Omeka is a web publishing platform for all kinds of collections-based research. Users create and curate online exhibits of items, writing descriptions for each item according to a robust metadata standard called Dublin Core.
Omeka’s main components are items or “artifacts” uploaded by users. Items can be photos, videos, documents, or audio, among other formats. Omeka makes it easy to upload and organize artifacts and to use and reuse them in different places on the exhibit.
Omeka allows users to richly describe each artifact using metadata standards that adhere to the Dublin Core protocol used by libraries and archives around the world. These description fields can be customized to fit the needs of the particular exhibit being built.
Building an exhibit on Omeka requires selection, reflection, and ideally leads to the creation of a narrative that integrates the individual components into a meaningful whole. By leading visitors through a "guided tour" of contextualized artifacts, Omeka exhibits become vehicles for storytelling.
Omeka can be used to create exhibits of place that emphasize a particular theme. For example, Diane Apostolos-Cappadona had the students in her Mary in the Catholic Imagination class work with Special Collections in Lauinger Library to catalog depictions of the Virgin Mary in statuary, iconography, and rare books and manuscripts. Students then posted their photographs or other digital representations of those artifacts in an exhibit that documented the presence of Marian imagery on campus.
Omeka is also an excellent platform for capturing oral histories or creating an archive of memories related to a locally or globally significant event. By uploading audio files, incorporating transcriptions, describing the interview particulars in detail, and connecting the related oral histories together with tags or categories, exhibit builders can create a compelling oral history archive that captures individuals' experiences of pivotal or otherwise important events.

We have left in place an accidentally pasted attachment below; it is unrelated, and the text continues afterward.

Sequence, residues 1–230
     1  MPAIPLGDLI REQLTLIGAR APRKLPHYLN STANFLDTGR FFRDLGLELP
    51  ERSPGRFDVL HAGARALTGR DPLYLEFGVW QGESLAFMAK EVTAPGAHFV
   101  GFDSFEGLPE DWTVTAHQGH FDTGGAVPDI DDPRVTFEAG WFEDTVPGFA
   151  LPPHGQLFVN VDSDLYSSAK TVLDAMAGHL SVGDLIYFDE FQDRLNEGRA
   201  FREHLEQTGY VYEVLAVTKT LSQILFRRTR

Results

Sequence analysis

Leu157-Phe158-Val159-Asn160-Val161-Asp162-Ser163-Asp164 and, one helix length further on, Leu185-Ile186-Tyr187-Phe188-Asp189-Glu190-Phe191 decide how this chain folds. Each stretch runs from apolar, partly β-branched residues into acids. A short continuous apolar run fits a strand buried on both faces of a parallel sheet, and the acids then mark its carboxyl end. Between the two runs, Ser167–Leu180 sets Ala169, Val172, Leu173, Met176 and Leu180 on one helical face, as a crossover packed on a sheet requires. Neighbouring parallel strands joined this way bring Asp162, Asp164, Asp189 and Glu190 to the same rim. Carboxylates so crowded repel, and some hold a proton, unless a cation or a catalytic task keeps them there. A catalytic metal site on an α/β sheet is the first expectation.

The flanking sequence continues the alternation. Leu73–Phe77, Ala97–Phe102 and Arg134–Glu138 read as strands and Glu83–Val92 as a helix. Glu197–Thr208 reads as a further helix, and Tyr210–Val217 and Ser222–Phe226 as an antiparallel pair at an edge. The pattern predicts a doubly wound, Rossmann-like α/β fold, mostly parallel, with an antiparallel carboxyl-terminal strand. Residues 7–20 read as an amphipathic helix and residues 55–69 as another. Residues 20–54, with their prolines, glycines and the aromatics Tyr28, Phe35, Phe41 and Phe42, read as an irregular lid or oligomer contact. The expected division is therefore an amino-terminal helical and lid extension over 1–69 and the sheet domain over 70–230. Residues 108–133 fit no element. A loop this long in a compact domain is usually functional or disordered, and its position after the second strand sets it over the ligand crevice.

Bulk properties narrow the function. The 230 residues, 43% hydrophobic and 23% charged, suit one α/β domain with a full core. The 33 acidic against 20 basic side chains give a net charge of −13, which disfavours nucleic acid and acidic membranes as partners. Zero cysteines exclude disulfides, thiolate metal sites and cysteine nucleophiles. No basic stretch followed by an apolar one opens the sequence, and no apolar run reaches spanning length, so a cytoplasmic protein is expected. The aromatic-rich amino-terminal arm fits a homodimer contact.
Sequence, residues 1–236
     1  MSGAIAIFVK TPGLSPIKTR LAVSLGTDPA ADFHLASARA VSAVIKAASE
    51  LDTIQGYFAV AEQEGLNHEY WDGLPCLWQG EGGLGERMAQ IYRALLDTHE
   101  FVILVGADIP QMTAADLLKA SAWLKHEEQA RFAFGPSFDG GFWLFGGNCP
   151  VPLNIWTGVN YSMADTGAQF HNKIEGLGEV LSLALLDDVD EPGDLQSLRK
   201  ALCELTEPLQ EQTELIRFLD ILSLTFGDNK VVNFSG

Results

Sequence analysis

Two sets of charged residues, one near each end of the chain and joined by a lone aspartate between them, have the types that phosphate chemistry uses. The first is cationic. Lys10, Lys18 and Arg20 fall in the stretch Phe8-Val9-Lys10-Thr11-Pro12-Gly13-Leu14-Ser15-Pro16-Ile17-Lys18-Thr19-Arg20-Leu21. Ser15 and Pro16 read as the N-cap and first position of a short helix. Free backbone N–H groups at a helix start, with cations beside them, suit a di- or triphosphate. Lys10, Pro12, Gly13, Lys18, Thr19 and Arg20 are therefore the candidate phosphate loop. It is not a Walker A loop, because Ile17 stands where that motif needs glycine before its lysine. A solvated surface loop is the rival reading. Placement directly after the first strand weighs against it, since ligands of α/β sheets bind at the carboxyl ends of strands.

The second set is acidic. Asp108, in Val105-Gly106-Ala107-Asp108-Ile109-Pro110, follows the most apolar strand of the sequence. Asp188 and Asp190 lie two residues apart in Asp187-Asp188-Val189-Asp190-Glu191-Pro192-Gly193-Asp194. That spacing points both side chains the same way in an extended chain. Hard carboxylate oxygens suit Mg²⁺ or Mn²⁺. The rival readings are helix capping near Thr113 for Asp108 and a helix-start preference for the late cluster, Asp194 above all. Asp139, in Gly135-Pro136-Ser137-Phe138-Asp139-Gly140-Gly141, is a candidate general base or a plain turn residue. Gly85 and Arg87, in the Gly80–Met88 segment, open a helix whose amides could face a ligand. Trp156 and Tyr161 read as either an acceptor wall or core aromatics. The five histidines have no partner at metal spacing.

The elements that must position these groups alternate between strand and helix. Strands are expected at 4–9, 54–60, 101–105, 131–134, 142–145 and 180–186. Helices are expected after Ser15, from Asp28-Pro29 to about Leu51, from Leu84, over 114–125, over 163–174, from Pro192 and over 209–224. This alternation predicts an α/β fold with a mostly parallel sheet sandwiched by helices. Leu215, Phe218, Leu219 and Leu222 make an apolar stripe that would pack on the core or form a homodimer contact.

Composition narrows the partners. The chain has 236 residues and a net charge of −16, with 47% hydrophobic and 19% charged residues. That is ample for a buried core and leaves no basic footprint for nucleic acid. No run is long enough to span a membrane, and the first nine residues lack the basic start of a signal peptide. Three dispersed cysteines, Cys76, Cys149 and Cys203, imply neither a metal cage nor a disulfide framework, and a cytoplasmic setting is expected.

Another use for an exhibit might be a collection of artifacts that relate to a particular time or shared experience. Betsi Stephen's STIA class created their own exhibit that explored issues surrounding immigration. Students each uploaded one artifact, many of them photographs in the public domain, that they then researched thoroughly. They appended their reports to their respective artifacts, and they then created thematic collections like "Facing Forward," a collection of artifacts related to the possibilities for future generations, from their many varied artifacts.
An Omeka exhibit is an ideal tool for assembling group research about a particular area of the world. In a team-taught course by Professors Abusharaf (Doha) and Smith (Washington D.C.), students are creating an exhibit on the Horn of Africa. Their items and descriptions will form an ethnography and political study of the region, and could serve as an educational resource for those who wish to learn more about its role in history and current events.
To get an idea of the step-by-step functionality of Omeka, see the handout we have created to help students get started on class projects.
Mary painting: Mary and the child enthroned among the Saints Theodor of Amasea and George and angels. Encaustic icon from the end of the 6th century. Saint Catherine's Monastery, Sinai (Egypt) / K. Weitzmann: "Die Ikone"
WWII headphones: Lieutenant Peter Handford, a sound recordist with the Army Film Unit, poses with his equipment after the end of hostilities in 1945. This is photograph BU 8364 from the collections of the Imperial War Museums.